Wheelchair basketballers don't have training facility

Wheelchair basketballers don't have training facility
Photo credits: 
Namibia Wheelchair Basketball Federation

Wheelchair basketballers are finding the going tough ahead of the Commonwealth qualifying games set to take place next month in South Africa.
The Katutura Youth Complex used to house the wheelchair basketballers every Sunday afternoon, but then Covid came and things changed.
It has been accommodating homeless people ever since the outbreak of the Corona Pandemic last year.
For the Basketballers, who have to prepare for an upcoming competition in South Africa , this poses a real challenge as they have to look for other facilities.
The captain of the men's Wheelchair Basketball team,Mitch Dewaldt, told nbc sport more about their dilemma.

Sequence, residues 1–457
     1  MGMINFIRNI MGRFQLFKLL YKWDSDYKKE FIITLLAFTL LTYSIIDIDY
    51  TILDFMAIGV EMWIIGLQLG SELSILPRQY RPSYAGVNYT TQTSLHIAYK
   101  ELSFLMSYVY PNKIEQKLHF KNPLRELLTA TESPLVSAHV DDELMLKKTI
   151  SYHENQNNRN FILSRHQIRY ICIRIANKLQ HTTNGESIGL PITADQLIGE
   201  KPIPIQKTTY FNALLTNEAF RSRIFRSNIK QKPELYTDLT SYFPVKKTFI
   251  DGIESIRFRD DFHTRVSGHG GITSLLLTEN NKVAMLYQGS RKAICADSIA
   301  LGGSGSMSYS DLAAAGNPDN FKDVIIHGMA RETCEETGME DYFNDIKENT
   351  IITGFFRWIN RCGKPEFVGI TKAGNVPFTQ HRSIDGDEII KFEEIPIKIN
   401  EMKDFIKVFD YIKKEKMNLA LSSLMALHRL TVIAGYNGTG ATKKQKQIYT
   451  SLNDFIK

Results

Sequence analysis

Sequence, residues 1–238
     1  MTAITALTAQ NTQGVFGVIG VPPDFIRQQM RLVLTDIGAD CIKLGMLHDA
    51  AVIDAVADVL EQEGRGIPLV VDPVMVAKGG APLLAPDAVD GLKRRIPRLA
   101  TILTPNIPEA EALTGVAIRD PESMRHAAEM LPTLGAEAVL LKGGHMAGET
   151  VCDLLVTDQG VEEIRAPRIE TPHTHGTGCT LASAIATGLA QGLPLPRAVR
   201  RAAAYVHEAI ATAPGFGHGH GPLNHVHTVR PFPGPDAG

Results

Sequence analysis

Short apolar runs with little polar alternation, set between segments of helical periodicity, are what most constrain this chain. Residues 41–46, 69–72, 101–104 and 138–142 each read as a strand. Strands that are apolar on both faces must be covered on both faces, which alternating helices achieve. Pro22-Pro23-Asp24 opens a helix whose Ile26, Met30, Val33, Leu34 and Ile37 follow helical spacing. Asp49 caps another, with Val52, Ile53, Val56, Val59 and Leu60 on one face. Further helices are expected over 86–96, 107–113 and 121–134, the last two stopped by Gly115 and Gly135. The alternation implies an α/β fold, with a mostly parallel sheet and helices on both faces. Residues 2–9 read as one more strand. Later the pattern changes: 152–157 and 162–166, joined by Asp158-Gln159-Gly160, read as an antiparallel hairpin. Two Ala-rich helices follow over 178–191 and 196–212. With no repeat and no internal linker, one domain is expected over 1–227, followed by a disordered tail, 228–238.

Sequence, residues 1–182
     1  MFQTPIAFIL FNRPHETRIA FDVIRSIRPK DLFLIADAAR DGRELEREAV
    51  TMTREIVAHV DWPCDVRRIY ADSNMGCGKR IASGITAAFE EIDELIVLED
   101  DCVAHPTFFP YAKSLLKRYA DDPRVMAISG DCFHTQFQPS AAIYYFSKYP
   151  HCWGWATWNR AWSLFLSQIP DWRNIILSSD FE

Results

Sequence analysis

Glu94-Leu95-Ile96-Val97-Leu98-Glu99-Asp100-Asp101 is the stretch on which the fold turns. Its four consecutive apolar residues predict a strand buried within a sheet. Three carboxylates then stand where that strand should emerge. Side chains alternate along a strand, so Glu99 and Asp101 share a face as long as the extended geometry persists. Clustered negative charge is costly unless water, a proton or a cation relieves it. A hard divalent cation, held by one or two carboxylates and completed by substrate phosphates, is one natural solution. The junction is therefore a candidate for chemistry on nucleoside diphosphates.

”We understand the situation and that is why we are not pressing. We are also trying to find other means, so that we can co-exists with the pandemic. Cause it's affecting all of us . People with disabilities have been effected by this in more than one way and Covid has made us aware that we need to live more health-conscious. Exercising also plays a big role in living healthy, so we have to find ways to pursue it” DeWaldt said.
Acquiring other facilities is costly as they have to pay rent and also transport for both the players and the equipment to and back to the Katutura Youth Complex where the equipment is stored.
De Waldt added: “Right now we have some challenges. We don't have proper wheels for the wheelchairs. We are looking for tires as I we also do fund raising, but we have not been able to do that. We are also in need of Basketball and pips. We are looking for sponsors to assist us within that regard”.
The team plans to have a one or two-week long high performance camp at UNAM if funds permits , with players from Oshana and Ohangwena regions expected to join before the final team to South Africa is selected.